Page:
There are some things to explain:Is Paul just trying to be different? Is he bending to pressures? Bending the rules? Well, no, I’ve never really bent to pressure unless I found myself flat wrong and I don’t do things just to please others either. My mind never stops looking, searching what surrounds me, looking at and finding shapes, forms that excite me as the basis for a new design. I have many projects that roll around in my head for weeks and months and sometimes years. The plywood workbench is just one of them. Some designs I made that failed proved my wrong but stretched my imagined efforts to become something by one minor alteration, others I never made but needn’t because I just knew intuitively it would work.
Proven plywood has passed the test. Plywood is a truly remarkable material that takes up the slack where an expanse of solid wood would simply render a project impossible or impractical to make. Unfortunately it’s the cheap grades that have given good plywood a bad name so I do understand people having misgivings about trusting it. It’s important to note here that most big box stores are unlikely to stock the quality you might be looking for beyond say more a carpentry grade. It’s two components that affect the quality mostly, density and thickness of the plies. The harder the wood the more dense and the thinner the plies the greater the number per inch or centimetre. I do like to counter some of the fixed ideas certain cultures have about the way people think things should be. Fashion has become a strange thing. Most fashion has its own built in disposability and that’s not really what we want in this day and age. On the part of large conglomerates there is the built-in or factored in obsolescence by way of failing parts. Then there is the equally insidious element where things become unwanted simply because of whimsical change–a change of clothing or shoes and such. Fashion in workbenches is not a goal but I feel I wanted a statement of confidence. A statement of intent if you will. A plywood workbench speaks volumes.
Bandsaw and plywood make a perfect union. I have always worked to encourage machine-only makers to get involved in hand work with hand tools. It will likely take the rest of my life, but I’m fine with that. I doubt you’ll ever see me use a power router but fifty years ago I might have said you will never see me make a plywood workbench. But there’s a difference you see. The router has never really freed me from anything, mostly because I tend not to use what it does best in making and that’s profiling wood with moulded edges. Even when I did use a power router regularly it was never ever to cut joints nor to groove or dado. Plywood, birch plywood with 13 layers and no voids throughout, is a well proven resource. It stays together and doesn’t delaminate if of course it’s made by a quality maker. My bandsaw is also a well proven method for cutting wood and it takes the smallest footprint of woodworking machines, a major factor for most woodworkers working from home in limited space. It’s versatile in that both straight and curved cuts come from the same machine and often using the same blade. It also removes less than 1/16″ of material per kerf cut. Combing these two elements in my plywood workbench build was a union match.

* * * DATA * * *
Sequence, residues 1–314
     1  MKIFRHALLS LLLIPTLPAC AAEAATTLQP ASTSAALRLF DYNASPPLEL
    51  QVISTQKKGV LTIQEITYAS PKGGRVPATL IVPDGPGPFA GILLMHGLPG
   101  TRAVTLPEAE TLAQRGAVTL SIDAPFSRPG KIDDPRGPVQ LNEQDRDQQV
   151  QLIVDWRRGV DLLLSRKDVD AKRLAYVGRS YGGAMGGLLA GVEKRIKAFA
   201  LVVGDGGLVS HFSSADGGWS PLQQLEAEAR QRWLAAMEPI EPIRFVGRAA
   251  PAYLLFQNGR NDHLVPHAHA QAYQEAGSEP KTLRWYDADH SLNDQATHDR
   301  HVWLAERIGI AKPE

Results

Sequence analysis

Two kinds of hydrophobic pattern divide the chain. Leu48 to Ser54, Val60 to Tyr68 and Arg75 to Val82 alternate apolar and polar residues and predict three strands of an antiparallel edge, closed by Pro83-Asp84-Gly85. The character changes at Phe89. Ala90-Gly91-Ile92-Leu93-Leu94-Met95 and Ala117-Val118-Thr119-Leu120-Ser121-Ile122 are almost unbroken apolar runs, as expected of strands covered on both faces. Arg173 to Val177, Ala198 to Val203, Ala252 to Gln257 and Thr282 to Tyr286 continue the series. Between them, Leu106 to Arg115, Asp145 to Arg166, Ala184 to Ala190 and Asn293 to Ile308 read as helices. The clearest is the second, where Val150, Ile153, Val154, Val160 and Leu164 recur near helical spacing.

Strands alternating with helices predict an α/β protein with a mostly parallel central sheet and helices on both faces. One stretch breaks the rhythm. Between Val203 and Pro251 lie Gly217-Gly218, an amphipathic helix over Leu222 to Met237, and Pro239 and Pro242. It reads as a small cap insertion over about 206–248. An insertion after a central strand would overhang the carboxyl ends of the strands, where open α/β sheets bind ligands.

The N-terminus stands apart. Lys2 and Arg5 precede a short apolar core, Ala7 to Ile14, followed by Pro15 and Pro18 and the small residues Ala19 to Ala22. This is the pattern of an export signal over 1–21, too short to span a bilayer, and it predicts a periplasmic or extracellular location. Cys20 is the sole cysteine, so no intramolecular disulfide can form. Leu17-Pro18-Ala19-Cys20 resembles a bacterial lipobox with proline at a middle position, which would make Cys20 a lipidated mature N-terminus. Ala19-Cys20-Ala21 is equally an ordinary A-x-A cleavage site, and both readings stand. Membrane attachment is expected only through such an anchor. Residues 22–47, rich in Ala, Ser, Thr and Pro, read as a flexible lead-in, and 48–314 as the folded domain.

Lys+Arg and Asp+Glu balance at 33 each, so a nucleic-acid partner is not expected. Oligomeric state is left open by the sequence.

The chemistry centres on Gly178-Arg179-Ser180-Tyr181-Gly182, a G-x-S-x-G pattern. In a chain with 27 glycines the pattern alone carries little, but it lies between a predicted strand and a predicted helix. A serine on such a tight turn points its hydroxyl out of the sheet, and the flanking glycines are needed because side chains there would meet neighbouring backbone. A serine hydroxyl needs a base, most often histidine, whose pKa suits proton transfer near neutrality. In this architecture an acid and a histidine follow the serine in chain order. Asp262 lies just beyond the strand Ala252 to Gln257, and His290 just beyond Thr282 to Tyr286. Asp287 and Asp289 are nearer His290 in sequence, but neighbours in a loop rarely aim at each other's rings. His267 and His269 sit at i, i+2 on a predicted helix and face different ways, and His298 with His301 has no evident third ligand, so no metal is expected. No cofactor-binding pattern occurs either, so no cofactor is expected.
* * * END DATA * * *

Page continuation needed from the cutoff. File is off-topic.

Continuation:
I’m sure some things seem strange to you. My using the bandsaw, the plywood bridge bench, some my other designs like the Eco Waste Bin with its unique plywood through-tenons extending from the ply panels into the posts and frames (the one we made a few weeks ago on Woodworking Masterclasses) and of course several others.
My Eco Bin was a statement. I made my Eco-bin using solid wood and plywood because the lightweight sub-wood beneath the book-matched veneer created a wonderfully strong yet almost weightless container that was no heavier than its typical stainless steel or even plastic counterpart and, more importantly, it gave me a more lovely wooden waste bin that hadn’t existed before.
Concepts of good design defy time. It has been true throughout time and it’s still good today. Design has always been important to me and now at nearly 70 I find myself more apt and able to look with modern eyes in my designing. My ambitions are to create fashionable pieces for future use with proven longevity in mind. To do such a thing accepts the reality that tradition was born out of the innovative of its day and continues on into the progressive of the day. Finding union between the two brings us the designs that meet the more pressing needs of today and with age of course comes my experience and a perspective to show something might be designed fashionably with style that still has a longevity built into every fibre.
To make my workbench I decided that the size of workbench I have used over the decades is about as perfect as it gets. I have made just two of them now because I have two in my home workshop garage end on end. I switch from one to the other as I want to and I can also use the two vises at once inline if I need to. I can also put two benches back to back for a wider depth at 54″, but that’s rarely needed. I will be giving out more details on the bench build as I go here on my blog and soon you will be able to enjoy the whole series on YouTube.